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    Triple Agent

    Eric the Red

    In "Triple Agent," famed French director Eric Rohmer is more concerned with illustrating his characters' debates over Marxist ideology than with breathing life into a moribund spy yarn.


    Eric Rohmer, maker of unsexy, uncomedic sex comedies, has now made an un-thrilling spy thriller set in pre-World War II France.

    Written and directed by: Eric Rohmer.
    Cast: Katerina Didaskalu, Serge Renko, Cyrielle Claire, Grigori Manukov, Dimitri Rafalsky, Nathalia Krougly, Amanda Langlet, Jeanne Rambur, Emmanuel Salinger, Vitalyi Cheremet, Bernard Peysson.
    Cinematography: Diane Baratier.
    Edited by: Mary Stephen.
    In French with English subtitles.
    Walter Reade Theater Lincoln Center, 65th St. between Broadway and Amsterdam (212) 875-5600 Sat., Oct. 2, 2004, 3 p.m. Sun., Oct. 3, 2004, 6 p.m.

    NY Film Festival 2004

     Bad Education
     House of Flying Daggers
     Infernal Affairs trilogy
     Look at Me
     Notre Musique
     Or (My Treasure)
    • Sideways
     Triple Agent
     Woman Is the Future of Man
     The World

     Official site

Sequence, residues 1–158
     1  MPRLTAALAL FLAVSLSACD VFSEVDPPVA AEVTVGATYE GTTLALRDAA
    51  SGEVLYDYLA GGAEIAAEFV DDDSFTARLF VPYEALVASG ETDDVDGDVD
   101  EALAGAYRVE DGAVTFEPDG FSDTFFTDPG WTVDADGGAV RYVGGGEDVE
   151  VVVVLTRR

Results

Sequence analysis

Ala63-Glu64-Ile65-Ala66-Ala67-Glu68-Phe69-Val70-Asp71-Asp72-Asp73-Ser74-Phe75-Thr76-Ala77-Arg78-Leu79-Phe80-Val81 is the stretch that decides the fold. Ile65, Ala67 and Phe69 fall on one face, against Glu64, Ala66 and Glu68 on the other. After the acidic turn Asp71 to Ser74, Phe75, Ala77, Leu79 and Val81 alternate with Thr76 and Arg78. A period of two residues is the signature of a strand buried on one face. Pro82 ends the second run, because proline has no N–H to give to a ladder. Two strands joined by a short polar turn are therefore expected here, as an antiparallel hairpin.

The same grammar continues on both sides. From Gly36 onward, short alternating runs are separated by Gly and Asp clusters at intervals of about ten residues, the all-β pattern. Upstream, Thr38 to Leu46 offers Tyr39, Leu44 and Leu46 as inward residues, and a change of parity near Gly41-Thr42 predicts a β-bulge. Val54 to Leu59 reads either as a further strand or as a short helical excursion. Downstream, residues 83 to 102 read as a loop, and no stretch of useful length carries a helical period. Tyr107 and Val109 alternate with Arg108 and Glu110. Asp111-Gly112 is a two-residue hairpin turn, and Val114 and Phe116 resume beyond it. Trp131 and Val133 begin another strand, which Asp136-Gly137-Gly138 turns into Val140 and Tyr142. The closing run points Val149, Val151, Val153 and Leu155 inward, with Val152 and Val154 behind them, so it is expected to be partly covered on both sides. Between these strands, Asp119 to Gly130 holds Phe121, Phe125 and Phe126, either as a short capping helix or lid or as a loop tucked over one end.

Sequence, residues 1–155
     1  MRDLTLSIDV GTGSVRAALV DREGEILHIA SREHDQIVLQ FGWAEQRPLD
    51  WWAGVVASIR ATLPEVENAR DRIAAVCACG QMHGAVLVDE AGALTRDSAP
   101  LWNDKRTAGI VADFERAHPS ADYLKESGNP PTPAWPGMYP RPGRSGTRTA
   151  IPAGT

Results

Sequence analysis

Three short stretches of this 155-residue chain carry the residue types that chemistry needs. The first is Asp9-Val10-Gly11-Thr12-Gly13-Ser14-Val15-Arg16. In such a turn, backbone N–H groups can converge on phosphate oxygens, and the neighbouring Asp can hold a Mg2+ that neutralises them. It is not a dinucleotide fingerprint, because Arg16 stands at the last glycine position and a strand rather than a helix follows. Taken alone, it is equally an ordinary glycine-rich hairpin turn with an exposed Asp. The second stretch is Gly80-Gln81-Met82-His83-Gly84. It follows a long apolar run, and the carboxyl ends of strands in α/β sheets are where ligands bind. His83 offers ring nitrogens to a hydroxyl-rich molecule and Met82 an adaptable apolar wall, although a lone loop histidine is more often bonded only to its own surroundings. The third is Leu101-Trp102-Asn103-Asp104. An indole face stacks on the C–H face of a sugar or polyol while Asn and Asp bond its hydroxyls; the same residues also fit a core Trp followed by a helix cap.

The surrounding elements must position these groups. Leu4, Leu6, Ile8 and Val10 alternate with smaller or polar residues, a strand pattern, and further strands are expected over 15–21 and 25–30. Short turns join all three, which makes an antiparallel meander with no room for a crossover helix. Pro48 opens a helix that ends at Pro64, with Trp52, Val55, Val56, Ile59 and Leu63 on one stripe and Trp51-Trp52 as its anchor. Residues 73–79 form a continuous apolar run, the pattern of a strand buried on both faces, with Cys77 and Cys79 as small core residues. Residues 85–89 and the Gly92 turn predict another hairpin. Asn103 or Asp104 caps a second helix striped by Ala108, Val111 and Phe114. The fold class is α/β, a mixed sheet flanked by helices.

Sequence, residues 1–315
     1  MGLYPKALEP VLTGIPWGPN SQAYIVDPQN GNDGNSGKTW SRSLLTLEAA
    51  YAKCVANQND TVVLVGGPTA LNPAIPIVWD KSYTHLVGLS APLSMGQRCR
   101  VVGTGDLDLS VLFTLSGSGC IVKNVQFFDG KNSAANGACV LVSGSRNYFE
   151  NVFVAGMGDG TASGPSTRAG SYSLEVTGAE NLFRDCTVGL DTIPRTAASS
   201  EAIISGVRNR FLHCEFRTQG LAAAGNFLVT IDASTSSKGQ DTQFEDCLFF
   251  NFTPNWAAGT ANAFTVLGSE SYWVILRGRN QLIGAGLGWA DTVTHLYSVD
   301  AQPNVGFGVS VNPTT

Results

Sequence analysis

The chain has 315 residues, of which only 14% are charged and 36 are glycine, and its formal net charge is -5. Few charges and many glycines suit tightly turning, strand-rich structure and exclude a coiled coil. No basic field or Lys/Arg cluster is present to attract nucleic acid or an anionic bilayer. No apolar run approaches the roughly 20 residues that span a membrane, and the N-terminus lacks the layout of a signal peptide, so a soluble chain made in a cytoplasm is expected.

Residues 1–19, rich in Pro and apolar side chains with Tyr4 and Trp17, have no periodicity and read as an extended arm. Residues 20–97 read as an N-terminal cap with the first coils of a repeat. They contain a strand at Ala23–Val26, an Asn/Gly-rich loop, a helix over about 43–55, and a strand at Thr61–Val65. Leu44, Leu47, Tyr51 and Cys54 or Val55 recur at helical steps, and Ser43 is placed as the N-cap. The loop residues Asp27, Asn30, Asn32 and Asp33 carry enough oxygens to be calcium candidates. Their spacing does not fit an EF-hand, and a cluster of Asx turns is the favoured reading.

Festival Internacional de Cine Contemporaneo
    (Mexico City)
    Bus 174
    Haute Tension
    In Your Hands
       Memories of Murder
    Notre Musique
    Or (My Treasure)
    Triple Agent
    Vera Drake

    • Official site
    Fyodor is a Russian exile in Paris, a former general on the losing side of the Russian revolution. Now, his carefully parsed conversation leads his expatriates to speculate about whether he's remained true to the tsarists or gone over to the communists, which side he favors in Spain and whether he's been making secret overtures to the rising Nazi party in Germany.

    To be fair, the film picks up a little bit toward the end, but overall we can trust Rohmer to bring out an unexpected tedium even in an intrigue-laden spy yarn, and he does not let us down. Some scenes are burdened with daily-life irrelevancies. ("If they have new carrots, will you pick me up a pound?") More scenes involve stories from the home country read gleefully aloud out of the communist daily "L'Humanit" and discussions about the fine points of communist ideology. The pinnacle of the film's wit comes in lines like: "I don't think your Marxist dialectic is very orthodox!"

    Something will eventually happen to breathe a last gasp of life into this cadavrous story, but it's already on borrowed time. While we may have a little sympathy for the general's amiable wife, Arsino, Fyodor himself has already proven so unengaging that it's hard to care whether he succeeds or fails, whatever his true agenda may be revealed to be. I should share one helpful tip for staying awake through the whole two-hour exercise — sit in front of someone who snores. It worked for me.

    OCTOBER 1, 2004

    Reader comments on Triple Agent:

  • lotsa laughs   from JRT Moore, Sep 3, 2005
  • [no subject]   from ese, Jan 23, 2006
  • critics   from manuel ramos, Mar 1, 2006

  • Post a comment on "Triple Agent"